The use of weed killer Glyphosate could be discontinued by the Fraser Coast Regional Council depending on the recommendations from a report, commissioned at last month's meeting
The use of weed killer Glyphosate could be discontinued by the Fraser Coast Regional Council depending on the recommendations from a report, commissioned at last month's meeting

Mayor pushes for ban on common weed killer

FRASER Coast mayor George Seymour has called for an immediate ban on a common weed control chemical.

At last month's council meeting, Cr Seymour pushed for the chemical glyphosate, the active ingredient in popular weed killer, Roundup, to be discontinued until the council considered a report on its associated risks.

Glyphosate has been at the centre of recent controversy since a United States jury in March found Roundup, developed by chemical giant Monsanto, was a "substantial factor" in causing a man's cancer.

Cr Seymour's motion called for a report to be prepared on the use of glyphosate products by the council and the associated risks, for the council to investigate and trial alternative herbicides that did not contain glyphosate and for the council to "immediately discontinue the use of glyphosate products until such a time the report has been considered by the council".

 

However, councillors removed the final clause in a 10-1 vote, instead opting to wait until the report had been prepared.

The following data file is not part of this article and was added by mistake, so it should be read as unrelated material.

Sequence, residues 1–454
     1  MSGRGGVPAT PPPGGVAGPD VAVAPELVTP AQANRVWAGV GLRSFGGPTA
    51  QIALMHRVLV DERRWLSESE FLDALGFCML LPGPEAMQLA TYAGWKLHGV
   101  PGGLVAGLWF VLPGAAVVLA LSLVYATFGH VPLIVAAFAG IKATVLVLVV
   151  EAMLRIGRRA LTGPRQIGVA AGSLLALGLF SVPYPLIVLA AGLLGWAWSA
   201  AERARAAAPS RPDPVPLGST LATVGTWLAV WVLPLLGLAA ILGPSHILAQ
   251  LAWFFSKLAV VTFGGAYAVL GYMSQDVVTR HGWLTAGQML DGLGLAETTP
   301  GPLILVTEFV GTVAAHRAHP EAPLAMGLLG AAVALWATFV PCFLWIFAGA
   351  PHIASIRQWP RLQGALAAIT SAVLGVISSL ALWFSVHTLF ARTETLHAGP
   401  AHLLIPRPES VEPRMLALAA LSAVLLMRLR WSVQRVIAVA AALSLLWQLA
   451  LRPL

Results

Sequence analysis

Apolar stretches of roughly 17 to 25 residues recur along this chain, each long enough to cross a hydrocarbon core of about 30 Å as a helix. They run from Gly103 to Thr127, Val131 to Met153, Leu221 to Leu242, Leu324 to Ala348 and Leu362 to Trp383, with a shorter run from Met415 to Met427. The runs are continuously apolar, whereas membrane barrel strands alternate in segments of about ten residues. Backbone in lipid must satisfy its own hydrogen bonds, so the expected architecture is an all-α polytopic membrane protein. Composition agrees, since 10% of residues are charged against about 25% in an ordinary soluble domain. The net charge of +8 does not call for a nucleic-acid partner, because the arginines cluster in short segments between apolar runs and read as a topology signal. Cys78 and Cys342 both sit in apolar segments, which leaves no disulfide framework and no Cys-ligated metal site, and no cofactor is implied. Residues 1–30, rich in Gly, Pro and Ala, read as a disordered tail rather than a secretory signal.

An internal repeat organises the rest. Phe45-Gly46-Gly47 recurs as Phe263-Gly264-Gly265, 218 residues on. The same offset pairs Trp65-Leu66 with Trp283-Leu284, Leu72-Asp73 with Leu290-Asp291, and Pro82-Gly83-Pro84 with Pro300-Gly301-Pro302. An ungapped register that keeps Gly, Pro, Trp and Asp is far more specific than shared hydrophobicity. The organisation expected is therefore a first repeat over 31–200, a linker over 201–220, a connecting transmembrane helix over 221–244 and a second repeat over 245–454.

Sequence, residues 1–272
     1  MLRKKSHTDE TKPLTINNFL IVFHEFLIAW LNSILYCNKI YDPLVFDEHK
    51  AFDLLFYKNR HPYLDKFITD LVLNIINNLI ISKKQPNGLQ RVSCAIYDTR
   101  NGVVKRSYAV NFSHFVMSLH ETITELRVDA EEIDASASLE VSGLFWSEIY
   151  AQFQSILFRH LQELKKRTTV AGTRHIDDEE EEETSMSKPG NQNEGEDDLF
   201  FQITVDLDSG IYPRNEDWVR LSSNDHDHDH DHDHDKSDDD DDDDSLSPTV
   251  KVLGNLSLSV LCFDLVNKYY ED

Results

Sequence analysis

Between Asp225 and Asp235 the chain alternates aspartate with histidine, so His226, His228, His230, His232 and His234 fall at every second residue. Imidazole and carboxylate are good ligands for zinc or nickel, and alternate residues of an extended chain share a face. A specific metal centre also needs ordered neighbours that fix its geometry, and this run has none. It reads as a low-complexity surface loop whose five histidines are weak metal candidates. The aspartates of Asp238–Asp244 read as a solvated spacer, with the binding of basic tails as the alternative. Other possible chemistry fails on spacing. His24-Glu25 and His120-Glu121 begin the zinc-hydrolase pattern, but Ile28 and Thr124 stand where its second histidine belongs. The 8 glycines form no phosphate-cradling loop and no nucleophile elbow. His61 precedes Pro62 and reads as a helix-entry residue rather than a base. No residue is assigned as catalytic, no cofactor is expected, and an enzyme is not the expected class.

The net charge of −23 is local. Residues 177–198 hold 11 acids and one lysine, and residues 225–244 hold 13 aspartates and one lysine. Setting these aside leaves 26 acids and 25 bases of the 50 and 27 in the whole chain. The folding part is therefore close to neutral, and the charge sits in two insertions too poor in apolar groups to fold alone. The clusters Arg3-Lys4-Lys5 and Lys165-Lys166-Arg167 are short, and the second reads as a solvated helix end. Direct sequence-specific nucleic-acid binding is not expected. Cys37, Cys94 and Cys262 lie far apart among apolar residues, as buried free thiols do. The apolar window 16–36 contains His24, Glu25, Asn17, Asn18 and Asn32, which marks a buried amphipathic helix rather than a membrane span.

The final motion was carried unanimously.

Councillor Paul Truscott said it was a worthwhile cause to investigate but said he would not feel comfortable knowing "what work might further be created by discontinuing it".

"Staff have been using the product for decades and using it in appropriate, safe methods," Cr Truscott said.

"I don't want to disagree with it, but I would rather wait for the report."

 

The council's report into the use of glyphosate could force staff to use alternative chemical products to combat weeds if councillors vote on discontinuing its use.

Councillor Anne Maddern said the council needed to take a "risk-based approach" due to the potential of alternative chemicals posing "a risk on the health and safety of our staff".

"My guess is because they're not being used... they're not as effective and I'm concerned about what kind of environmental issues they might impose on our council land," she said.